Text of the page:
On Saipan, the Golden White-eye occurs in all wooded habitats, including the native limestone forest (which is restricted to steep slopes and cliffs and covers c. 5% of the island), secondary forest and introduced tangan tangan (Leucaena leucocephala) thickets on flat lowlands and plateaus (c. 28% of land cover), and also agricultural and urban areas (Pratt et al. 1987, Craig 1990, A. Tieber in litt. 2008, 2010). However, it is decidedly more common in limestone forest than in disturbed areas (Craig 1996), and higher nesting densities are recorded in limestone forest than tangan tangan thickets (Sachtleben 2005, Peiffer 2017). It forages predominantly in the foliage of trees, particularly Cynometra ramifolia, feeding on invertebrates, flying insects, nectar, fruit and flowers and also taking insects from tree bark (Pratt et al. 1987, Craig 1990) and is typically seen in small groups of 2-4 individuals, thought to be family groups (A. Tieber in litt. 2008, 2010). Mean clutch size is 1.85 eggs (n = 39) (Peiffer 2014). Nest predators include the native Mariana Kingfisher, and the introduced Emerald Tree Skink and rats Rattus spp. (Peiffer 2014).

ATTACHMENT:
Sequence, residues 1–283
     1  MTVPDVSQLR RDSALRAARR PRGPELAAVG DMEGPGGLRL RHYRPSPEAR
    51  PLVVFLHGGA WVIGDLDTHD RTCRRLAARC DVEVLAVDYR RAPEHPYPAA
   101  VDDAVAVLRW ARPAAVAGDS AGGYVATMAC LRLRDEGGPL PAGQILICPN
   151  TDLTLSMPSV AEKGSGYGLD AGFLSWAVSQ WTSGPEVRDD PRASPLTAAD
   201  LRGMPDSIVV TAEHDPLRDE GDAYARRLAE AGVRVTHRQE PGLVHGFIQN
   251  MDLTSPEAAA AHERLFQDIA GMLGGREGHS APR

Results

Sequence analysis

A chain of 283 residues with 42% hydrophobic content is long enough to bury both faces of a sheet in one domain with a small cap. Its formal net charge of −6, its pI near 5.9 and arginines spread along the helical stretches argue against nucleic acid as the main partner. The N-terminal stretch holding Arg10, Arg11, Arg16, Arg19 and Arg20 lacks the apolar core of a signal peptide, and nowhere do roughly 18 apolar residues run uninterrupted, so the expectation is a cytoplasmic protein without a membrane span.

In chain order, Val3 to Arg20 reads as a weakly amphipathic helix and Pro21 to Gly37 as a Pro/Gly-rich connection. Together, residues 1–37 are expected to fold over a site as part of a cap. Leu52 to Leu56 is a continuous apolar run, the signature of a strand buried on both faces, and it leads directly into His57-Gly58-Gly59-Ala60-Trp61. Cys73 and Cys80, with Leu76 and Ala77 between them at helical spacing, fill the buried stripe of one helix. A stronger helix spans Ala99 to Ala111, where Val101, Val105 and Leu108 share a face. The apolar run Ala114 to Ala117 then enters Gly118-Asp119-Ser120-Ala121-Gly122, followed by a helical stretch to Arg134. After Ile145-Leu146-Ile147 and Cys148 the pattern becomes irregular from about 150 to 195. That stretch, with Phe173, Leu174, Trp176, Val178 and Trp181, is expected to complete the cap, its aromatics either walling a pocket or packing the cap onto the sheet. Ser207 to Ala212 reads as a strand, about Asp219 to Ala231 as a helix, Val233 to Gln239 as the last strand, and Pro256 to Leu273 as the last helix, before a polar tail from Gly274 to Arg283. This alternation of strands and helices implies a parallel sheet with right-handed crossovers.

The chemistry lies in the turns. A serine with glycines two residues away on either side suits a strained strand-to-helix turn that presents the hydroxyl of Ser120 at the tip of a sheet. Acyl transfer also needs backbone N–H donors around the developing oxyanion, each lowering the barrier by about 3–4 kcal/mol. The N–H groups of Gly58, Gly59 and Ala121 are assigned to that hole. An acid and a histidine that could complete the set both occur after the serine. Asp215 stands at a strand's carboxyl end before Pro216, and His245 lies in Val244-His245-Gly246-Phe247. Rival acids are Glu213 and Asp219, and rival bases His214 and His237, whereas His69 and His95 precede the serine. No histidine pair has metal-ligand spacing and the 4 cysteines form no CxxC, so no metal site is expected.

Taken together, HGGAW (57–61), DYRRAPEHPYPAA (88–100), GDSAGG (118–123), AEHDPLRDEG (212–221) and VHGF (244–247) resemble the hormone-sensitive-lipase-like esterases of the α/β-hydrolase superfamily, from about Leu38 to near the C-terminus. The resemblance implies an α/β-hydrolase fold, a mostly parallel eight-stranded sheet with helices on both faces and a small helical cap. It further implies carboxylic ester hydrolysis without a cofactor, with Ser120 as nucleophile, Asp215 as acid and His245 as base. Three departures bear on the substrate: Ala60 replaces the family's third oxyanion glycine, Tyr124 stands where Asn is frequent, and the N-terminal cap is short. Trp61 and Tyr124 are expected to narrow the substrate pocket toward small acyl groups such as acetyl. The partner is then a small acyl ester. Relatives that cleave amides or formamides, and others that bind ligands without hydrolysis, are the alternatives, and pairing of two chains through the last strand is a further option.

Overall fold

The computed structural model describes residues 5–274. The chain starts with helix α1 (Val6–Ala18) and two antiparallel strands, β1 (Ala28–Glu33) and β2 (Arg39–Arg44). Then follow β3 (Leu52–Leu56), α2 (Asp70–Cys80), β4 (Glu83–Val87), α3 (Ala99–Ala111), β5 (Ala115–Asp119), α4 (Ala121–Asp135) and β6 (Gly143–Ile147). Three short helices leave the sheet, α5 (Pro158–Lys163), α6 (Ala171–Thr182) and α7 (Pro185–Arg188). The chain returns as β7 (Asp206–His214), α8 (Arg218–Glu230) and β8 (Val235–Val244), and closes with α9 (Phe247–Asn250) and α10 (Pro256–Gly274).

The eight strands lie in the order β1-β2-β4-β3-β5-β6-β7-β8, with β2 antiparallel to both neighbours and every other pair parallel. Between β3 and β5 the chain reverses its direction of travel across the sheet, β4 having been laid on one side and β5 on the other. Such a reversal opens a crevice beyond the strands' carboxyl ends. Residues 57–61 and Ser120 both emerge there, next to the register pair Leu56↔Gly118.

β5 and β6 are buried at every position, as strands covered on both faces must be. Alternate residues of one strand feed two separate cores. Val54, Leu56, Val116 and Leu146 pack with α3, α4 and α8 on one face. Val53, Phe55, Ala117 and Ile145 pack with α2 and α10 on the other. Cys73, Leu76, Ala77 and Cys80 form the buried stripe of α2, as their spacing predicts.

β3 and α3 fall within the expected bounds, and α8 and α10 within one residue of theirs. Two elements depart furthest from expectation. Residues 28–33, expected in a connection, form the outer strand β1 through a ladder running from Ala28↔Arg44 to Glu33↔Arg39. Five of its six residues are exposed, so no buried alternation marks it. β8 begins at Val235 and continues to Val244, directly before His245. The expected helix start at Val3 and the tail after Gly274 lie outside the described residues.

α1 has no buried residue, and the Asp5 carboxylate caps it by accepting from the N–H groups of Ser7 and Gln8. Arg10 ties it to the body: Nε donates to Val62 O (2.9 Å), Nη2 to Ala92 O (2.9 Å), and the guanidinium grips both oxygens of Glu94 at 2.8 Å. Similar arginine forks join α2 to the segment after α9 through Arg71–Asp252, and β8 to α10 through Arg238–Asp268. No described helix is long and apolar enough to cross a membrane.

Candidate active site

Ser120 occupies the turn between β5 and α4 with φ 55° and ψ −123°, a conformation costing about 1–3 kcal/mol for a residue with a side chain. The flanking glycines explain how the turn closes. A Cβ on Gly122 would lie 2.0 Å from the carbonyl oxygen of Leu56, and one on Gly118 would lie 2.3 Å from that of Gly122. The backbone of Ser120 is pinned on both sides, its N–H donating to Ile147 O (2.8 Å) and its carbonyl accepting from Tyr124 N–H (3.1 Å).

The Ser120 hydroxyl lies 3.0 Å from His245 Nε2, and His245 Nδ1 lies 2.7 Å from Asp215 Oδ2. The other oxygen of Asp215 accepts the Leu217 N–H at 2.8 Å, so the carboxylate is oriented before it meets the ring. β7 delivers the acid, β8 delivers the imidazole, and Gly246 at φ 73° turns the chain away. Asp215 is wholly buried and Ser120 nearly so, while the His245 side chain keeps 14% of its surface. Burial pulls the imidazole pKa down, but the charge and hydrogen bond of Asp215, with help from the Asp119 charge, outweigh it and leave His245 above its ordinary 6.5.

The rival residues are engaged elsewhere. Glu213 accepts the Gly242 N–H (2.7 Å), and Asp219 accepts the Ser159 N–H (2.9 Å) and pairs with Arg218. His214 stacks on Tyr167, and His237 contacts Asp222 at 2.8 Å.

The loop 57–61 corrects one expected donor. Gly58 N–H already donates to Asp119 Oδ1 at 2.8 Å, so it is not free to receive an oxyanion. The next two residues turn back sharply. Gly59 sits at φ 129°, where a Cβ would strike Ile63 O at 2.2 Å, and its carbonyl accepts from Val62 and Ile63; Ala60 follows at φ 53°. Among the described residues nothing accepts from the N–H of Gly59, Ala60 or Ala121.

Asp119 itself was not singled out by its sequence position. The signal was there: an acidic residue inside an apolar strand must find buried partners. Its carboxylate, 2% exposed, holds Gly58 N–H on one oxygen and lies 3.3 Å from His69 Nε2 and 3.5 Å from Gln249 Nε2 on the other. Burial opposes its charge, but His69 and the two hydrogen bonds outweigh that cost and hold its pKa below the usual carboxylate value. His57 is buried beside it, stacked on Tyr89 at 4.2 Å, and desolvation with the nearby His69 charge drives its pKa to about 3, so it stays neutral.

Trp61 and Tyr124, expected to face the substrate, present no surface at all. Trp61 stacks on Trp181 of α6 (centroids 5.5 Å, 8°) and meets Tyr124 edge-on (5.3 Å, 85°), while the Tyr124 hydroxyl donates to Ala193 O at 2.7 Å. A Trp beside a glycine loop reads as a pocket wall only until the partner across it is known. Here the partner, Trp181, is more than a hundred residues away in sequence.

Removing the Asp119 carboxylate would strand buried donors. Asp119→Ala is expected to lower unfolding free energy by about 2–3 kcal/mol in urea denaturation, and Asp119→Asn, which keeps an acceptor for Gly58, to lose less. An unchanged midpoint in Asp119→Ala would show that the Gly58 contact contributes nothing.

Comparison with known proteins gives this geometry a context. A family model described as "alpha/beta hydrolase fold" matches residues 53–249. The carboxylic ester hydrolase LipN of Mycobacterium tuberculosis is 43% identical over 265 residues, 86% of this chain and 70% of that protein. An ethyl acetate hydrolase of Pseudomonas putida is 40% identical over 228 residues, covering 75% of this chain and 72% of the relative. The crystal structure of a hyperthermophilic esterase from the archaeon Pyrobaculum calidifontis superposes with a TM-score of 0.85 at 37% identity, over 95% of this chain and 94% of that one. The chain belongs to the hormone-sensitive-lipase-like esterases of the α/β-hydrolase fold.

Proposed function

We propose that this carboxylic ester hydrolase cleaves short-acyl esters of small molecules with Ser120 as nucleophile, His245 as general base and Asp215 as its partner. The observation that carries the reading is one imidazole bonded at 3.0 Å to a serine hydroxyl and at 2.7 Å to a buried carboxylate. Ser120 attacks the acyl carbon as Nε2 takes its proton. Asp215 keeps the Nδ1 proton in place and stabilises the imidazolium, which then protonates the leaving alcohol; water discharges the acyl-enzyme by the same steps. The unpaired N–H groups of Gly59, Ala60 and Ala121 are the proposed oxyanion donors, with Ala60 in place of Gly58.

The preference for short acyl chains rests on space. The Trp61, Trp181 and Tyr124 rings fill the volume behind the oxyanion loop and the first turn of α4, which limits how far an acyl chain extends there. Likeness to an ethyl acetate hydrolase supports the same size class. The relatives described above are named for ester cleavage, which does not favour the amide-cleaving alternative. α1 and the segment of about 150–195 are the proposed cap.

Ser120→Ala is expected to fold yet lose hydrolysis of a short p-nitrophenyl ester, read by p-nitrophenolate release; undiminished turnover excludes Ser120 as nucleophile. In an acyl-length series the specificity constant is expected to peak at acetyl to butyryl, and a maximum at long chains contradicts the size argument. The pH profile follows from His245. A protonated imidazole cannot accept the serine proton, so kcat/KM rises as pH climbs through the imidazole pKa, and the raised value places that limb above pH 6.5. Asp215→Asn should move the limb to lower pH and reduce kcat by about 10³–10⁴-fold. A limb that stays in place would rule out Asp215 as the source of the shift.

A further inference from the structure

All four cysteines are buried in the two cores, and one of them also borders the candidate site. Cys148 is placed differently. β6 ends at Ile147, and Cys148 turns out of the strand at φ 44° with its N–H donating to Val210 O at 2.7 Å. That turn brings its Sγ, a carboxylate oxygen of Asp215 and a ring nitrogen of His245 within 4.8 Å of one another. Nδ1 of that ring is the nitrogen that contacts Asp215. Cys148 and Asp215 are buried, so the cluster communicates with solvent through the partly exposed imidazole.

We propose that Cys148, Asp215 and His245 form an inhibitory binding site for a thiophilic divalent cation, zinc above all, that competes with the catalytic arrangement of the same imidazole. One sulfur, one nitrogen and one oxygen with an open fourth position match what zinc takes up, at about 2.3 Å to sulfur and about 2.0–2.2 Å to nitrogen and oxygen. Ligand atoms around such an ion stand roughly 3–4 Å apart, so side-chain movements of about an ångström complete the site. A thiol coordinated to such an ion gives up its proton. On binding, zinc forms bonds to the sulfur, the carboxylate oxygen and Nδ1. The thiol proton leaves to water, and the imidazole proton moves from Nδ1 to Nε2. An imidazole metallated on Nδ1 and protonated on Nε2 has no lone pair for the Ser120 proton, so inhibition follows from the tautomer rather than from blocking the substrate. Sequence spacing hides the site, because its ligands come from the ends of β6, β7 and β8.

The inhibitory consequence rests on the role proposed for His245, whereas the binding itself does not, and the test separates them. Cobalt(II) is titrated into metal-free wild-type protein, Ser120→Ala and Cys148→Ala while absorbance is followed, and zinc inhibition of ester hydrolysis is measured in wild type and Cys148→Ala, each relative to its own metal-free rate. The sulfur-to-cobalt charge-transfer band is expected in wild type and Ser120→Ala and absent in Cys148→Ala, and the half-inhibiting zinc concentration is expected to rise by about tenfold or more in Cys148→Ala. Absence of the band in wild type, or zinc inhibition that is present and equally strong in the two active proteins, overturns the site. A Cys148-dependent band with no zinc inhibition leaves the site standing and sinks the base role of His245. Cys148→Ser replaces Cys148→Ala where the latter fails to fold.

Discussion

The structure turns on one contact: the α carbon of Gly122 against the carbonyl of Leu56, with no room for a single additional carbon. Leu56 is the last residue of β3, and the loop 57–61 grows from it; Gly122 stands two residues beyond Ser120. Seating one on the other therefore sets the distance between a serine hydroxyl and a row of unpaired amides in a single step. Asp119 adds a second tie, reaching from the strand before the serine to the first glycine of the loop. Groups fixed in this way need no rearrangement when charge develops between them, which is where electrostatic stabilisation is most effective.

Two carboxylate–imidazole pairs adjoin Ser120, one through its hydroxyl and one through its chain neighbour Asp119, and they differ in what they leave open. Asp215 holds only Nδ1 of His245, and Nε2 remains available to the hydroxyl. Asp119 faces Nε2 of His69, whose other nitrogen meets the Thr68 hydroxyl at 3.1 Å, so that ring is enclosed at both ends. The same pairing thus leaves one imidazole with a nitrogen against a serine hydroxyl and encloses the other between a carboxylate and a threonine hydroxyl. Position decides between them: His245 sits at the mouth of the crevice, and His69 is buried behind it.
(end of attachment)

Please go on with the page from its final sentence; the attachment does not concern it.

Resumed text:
The most serious current threat is considered to be habitat loss (L. Berry in litt. 2016). Although the species has been recorded in urban areas, it is most frequently recorded in forest (Craig 1996, Sachtleben 2005). Habitat loss is thought to have been the main cause of the species's past reduction and the cause of the decline on Saipan (Camp et al. 2012). Since the 1980s, a significant amount of forest on Saipan has been degraded or lost as a result of residential, commercial and touristic development, and invasive species (Camp et al. 2009, G. Wiles in litt. 2020). In contrast, on uninhabited Aguiguan, where agricultural land has been reverting back to forest, the population is increasing (Camp et al. 2012, Amidon et al. 2014).